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Arzneimittelforschung. 1985;35(12A):1890-903.

Cell membrane associated protein kinase C as receptor of diterpene ester co-carcinogens of the tumor promoter type and the phenotypic expression of tumors.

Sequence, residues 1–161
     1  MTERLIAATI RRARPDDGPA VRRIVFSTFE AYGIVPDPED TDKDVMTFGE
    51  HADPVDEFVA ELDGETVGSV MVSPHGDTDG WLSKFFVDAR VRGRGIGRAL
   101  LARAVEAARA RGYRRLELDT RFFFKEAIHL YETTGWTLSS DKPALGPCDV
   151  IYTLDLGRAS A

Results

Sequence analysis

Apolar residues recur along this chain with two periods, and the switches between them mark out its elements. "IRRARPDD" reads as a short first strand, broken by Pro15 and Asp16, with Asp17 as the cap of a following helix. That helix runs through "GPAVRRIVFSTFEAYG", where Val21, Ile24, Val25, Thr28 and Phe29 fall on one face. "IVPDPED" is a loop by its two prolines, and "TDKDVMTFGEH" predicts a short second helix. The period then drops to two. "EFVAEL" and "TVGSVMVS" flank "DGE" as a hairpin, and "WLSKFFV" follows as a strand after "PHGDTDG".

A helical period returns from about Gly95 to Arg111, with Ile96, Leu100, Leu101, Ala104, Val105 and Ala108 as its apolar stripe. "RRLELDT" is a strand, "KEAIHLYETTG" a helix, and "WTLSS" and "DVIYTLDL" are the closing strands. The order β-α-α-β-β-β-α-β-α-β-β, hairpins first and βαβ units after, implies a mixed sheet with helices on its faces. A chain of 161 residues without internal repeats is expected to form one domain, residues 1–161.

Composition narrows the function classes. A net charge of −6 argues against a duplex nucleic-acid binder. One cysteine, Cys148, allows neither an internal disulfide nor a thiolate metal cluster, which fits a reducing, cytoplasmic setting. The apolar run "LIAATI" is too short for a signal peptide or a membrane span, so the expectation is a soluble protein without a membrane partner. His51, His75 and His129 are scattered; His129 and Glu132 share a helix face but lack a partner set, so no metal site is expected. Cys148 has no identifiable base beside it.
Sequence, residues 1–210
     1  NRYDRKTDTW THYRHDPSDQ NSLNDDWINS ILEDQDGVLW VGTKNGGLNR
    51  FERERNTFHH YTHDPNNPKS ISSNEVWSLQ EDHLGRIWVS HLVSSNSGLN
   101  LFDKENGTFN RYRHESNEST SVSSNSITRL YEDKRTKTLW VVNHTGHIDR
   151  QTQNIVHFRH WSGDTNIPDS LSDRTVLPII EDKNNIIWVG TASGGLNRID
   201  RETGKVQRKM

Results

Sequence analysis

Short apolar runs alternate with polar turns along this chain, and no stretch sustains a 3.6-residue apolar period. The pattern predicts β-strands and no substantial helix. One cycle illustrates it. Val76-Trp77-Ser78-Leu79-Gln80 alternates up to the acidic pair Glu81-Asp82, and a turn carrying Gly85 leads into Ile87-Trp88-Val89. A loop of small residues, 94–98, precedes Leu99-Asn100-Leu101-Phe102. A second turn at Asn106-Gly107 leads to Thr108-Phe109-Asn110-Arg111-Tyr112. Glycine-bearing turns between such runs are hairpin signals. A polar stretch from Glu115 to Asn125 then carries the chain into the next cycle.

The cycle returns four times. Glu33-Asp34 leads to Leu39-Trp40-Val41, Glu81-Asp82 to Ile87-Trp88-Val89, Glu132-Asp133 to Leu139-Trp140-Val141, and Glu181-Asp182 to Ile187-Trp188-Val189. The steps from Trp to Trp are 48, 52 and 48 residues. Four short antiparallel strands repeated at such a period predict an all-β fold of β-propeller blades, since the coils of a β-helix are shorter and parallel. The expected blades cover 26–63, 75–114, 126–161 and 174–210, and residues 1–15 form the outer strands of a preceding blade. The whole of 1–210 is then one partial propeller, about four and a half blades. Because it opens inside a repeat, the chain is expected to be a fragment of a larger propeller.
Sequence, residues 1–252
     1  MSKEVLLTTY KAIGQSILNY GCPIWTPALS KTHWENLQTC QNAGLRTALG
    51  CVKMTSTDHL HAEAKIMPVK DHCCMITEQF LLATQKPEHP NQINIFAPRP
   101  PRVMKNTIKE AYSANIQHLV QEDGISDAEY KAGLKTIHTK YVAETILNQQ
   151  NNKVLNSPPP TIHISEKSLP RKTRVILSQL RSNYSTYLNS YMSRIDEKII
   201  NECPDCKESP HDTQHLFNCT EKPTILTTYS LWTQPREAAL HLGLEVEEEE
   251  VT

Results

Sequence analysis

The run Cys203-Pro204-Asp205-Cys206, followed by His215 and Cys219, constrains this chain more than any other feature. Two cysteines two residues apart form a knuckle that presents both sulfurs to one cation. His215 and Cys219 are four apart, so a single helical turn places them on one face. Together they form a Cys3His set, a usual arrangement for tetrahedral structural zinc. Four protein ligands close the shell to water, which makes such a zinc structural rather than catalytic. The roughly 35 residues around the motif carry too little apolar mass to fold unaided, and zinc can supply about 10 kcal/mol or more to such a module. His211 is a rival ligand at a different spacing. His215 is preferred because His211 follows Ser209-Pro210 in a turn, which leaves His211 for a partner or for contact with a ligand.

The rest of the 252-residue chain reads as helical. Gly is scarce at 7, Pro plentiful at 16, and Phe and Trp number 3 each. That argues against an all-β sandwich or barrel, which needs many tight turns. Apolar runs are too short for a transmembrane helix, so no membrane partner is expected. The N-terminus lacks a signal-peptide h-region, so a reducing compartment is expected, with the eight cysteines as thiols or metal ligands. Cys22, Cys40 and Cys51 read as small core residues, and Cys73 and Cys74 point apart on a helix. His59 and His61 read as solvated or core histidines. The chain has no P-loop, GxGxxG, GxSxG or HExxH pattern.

For investigations of biochemical and molecular mechanism(s) involved in carcinogenesis the three stage initiation/promotion/progression approach in mouse skin provides one of the most developed experimental models. As initiators (and as progressors), solitary carcinogenic polycyclic aromatic hydrocarbons (PAH), such as 7,12-dimethylbenz [a]anthracene (DMBA), are used. As promoters in the last about 15 years, cocarcinogenic skin irritant polyfunctional diterpene esters of plant origin have become most powerful tools. Their low activity "cryptic forms" are activated metabolically by hydrolases yielding highly active skin irritants and cocarcinogens of the "ultimate promoter" type such as the phorbol-12,13-diester TPA and congeners of the ingenane- and daphnane type. In their target cells the ultimate promoters are bound to specific binding sites both through their ester moieties as well as through their diterpene moieties as revealed by structure/activity relationships. In such investigations most recently, also fine structural comparison of threedimensional computergraphs of prototype promoters were included. In correlation with their irritant and promoting activities, diterpene ester promoters exhibit agonist type specific (non-covalent) binding to the particulate fraction of epidermis and other organs or cells. The specifically bound portion of certain electron spin and photoaffinity labeled phorbol ester analogs indicates their distinct molecular orientation in membranes and, in their microenvironment, presence of phospholipids essential for activity of the Ca++ dependent proteinkinase C (PKC). Specific bindings to and activation of PKC was shown for TPA and congeners particularly also in mouse epidermis as one of the target organs of initiation/promotion by DMBA/TPA. Diterpene ester promoters are postulated to interact with the second messenger system operated by inositolphospholipid/diacylglycerol which is linked to (i) receptors of certain (endocrine) hormones or growth factors and (ii) to certain oncogene derived (autocrine) molecular signals. In this way, diterpene ester promoters, mostly taylor-made by partial syntheses, have lead to new dimensions the investigations of specific mechanistic problems of processes of carcinogenesis. Interlinkage of parts of these processes with receptor research opens up new and fascinating aspects of mechanisms of carcinogenesis at the cell and/or molecular level. They will provide important leads in gaining a more differentiated system of assessment of environmental risk factors of cancer for cancer prevention and in developing more purposeful and selective antineoplastic drugs for clinical use.

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